Larry Niven
Protector (1973)
Reviewed: 1996-08-10

Another Known Space work of Niven, this book unexpectedly turns out to be a grand space opera. The novel is evenly split into two parts separated by a gap of 200 years. In the first part, which is set some 15 years after the events in The World of Ptavvs, and where we meet again the now retired ARM Luke Garner, contact is made with the first alien ever to arrive from outside the Solar System, a traveller of 32,000 years whose history leads to unexpected revelations concerning the origin of the human race. Brennan, the Belter who first came face to face with the alien Pak, and as a result of the encounter has been changed forever in more than a metaphorical sense, appears again in the second part of the book, where it is up to him to save humanity from an impending invasion of the genocidal Pak.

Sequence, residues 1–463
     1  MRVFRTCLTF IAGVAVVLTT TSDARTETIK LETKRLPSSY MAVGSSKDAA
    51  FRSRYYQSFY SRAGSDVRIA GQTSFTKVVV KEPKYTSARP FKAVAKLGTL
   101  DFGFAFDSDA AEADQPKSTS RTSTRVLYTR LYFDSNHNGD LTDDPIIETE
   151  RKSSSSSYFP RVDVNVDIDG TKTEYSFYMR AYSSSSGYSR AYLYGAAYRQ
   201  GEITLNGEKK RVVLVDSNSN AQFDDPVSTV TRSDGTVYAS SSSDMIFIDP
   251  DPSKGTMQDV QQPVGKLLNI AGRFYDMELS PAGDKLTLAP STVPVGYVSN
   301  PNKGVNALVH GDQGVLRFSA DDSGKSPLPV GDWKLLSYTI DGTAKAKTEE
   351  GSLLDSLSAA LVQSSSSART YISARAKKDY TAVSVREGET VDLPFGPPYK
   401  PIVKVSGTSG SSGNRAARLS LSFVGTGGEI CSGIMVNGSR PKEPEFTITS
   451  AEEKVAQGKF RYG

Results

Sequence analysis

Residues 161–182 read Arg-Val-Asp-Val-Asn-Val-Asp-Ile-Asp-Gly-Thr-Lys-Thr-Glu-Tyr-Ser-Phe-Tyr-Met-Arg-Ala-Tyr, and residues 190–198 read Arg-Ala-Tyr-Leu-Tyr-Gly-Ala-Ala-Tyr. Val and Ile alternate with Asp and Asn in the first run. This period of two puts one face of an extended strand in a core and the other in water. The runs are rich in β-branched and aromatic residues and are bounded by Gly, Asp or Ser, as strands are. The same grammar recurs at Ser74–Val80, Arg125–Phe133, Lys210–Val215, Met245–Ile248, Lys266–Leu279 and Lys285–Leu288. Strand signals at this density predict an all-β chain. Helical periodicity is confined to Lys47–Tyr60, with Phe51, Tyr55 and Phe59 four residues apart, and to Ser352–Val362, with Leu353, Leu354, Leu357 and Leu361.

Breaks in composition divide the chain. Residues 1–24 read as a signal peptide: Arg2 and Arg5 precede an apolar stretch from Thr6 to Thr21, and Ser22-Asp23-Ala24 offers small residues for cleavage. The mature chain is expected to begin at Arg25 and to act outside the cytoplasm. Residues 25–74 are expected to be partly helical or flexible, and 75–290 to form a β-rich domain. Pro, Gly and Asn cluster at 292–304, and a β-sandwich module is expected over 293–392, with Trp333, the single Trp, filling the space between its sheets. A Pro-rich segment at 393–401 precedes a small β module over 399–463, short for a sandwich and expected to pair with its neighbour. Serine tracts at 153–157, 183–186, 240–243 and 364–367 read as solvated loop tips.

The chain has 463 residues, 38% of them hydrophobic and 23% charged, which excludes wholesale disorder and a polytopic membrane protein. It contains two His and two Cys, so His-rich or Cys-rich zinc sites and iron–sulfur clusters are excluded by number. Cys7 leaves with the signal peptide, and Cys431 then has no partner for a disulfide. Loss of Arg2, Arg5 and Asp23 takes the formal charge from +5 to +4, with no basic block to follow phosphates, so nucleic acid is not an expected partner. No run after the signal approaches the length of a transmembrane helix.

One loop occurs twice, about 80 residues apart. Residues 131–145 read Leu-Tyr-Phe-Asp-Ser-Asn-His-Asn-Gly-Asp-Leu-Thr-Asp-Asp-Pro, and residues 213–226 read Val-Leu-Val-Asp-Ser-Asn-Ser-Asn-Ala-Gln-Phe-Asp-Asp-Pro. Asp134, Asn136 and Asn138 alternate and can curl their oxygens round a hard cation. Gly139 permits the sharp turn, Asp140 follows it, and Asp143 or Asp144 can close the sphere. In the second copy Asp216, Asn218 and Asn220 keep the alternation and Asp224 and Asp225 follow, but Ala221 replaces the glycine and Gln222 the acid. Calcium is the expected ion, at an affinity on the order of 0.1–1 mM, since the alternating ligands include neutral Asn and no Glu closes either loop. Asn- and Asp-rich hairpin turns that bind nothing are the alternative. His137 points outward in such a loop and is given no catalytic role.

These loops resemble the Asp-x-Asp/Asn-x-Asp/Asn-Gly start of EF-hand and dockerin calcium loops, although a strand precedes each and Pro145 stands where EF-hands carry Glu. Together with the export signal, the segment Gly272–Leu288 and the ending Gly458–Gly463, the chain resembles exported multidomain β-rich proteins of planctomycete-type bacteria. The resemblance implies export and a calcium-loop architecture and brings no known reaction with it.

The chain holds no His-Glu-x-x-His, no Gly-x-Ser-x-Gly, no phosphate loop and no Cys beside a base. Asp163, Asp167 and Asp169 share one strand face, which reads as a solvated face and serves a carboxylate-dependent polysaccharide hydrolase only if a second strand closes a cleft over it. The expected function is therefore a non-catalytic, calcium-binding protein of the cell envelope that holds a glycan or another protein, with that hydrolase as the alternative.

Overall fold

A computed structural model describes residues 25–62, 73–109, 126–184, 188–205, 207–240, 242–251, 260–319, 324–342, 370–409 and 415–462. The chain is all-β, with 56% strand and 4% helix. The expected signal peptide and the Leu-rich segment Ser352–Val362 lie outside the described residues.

Niven crams many ideas and familiar plot elements into this novel. There's first contact, a rewrite of human origins which is both intriguing and absurdly implausible, there's a transhuman component, and the climactic battle between ramscoop ships at relativistic speeds is an instant classic. I found Protector a compulsive read, but beware: this book is not driven by its characters. A Pak makes an inherently boring protagonist by himself and the humans are only exciting as far as they represent all of humanity. The large scale of the distances involved, both in time and space, the sheer outlandishness of Pak biology, and a succeeding contrast of entirely fictional super-engineering and established physics combine to create a stunning if flawed novel, fast-paced and compactly written.

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